‘The Good Doctor’: Does the Show Give People With Autism ‘False Hope’?
Ever since The Good Doctor debuted in 2017, a variety of people have praised its portrayal of Shaun Murphy, a surgeon with autism played by Freddie Highmore. However, not everyone agrees with that portrayal.
One person on Reddit who said he or she was on the autistic spectrum gave a host of reasons that the show did a disservice to autistic people. However, other people, including at least one on the spectrum, defended the show for humanizing people with autism.
The case against ‘The Good Doctor’
One person criticizing the show on Reddit wrote:
“This show gives (false hope) to autistic people. What’s next? Autistic FBI agent? Or autistic spy? That s*it simply wouldn’t fly in the real world. If you’re on the spectrum, you’re lucky if you get a job picking up trash or brooming the streets (which as robots advance, will be taken from you anyway). You will never get any high paying and respectable job.”
This person also criticized The Good Doctor for representing people with autism as hyper-intelligent saintly types.
The Reddit post doesn’t mention it, but there’s probably a portion of the population that hears “autism” and thinks that means Dustin Hoffman in Rain Man — a kindly soul who can’t process the real world but has otherworldly counting skills.
Even a person not well-versed in the condition can probably tell you there’s more to autism than being able to count cards in Las Vegas.
“Do such people on the spectrum actually exist? Yes, but it’s incredibly rare just like we don’t have Einsteins running everywhere. More common are people who aren’t always truthful and have average intelligence,” one person responded.
The case for ‘The Good Doctor’
Other posters on Reddit leaped to the show’s defense, pointing out that autism is a spectrum, meaning the condition manifests itself in a lot of different ways. Just because the show portrays one kind doesn’t mean all autistic people are that one kind.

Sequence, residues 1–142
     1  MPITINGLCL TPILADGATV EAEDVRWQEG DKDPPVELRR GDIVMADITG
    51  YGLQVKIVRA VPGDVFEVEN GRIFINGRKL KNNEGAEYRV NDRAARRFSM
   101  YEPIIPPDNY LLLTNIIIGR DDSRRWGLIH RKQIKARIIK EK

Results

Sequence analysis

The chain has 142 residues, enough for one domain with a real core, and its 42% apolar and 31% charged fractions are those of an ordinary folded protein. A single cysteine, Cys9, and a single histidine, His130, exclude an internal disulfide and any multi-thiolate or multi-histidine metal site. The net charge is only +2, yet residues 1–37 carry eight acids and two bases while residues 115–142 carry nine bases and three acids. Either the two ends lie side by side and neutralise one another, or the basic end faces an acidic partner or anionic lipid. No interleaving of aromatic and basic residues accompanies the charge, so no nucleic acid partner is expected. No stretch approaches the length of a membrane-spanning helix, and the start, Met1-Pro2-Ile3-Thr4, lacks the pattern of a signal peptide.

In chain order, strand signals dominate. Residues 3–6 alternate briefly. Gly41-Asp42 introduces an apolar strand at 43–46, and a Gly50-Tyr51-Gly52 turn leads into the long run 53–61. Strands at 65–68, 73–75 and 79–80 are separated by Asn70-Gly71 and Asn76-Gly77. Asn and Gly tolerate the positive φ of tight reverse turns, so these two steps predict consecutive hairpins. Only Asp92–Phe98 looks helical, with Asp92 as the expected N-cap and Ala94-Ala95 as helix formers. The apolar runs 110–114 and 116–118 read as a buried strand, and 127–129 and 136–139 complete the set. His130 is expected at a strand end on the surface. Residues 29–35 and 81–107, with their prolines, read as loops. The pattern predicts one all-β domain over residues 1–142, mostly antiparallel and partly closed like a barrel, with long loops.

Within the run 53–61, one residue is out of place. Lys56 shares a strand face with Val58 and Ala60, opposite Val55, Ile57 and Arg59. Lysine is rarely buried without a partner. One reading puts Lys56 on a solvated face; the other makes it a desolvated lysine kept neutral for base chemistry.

“Is the show realistic? I mean, probably not. But every autistic person is different, and you can’t really make blanket statements about how bleak everything is for all of them,” said one person replying to the thread.
A person with Asperger’s syndrome, which is a form of autism, said that they were high-functioning and work as a district manager for a finance company. The person avoids making eye contact and is terrible at making small talk, “But damn if my memory and problem solving skills don’t come in handy in my line of work.”
How has the show handled concerns?
The show works with autism consultant Dr. Melissa Reiner, who was brought in by the producers to guide Freddie Highmore’s performance so that his portrayal wouldn’t come across as a caricature. She has received numerous emails from people with autism and she says,
“Every email speaks to how important, The Good Doctor, is to them. It shows each of us that we are not alone and that we can overcome obstacles. These are the self-advocates who strive and grow and prevail.”
However, a guest column in The Hollywood Reporter by a trio of doctors, who also considered performances by Jim Parsons on The Big Bang Theory and Benedict Cumberbatch on Sherlock, criticized Hollywood for usually portraying characters with autism as “White male geniuses.”
“By transcending the awkward white male genius trope, Hollywood can begin to more accurately represent all autistic people, showing that’s there’s more than one end to the autism spectrum.” they wrote.
That’s not to say The Good Doctor doesn’t try to get its portrayals right. The show took care in how it depicted Shaun Murphy’s complicated romantic life when he seemed to be making a play for one romantic partner but made a surprise switch to another.
Representation matters, although sometimes representation itself is not enough. Just as there a spectrum of autism, there is a spectrum of opinions about how well The Good Doctor handles it.
Wherever one falls on the debate, there is value in the conversation.